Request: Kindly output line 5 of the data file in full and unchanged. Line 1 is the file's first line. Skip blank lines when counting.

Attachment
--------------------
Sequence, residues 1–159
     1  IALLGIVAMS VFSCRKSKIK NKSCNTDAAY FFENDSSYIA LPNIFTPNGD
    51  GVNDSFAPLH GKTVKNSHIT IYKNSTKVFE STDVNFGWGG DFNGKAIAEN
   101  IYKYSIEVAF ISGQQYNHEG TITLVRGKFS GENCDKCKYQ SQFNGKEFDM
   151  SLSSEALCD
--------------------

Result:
   151  SLSSEALCD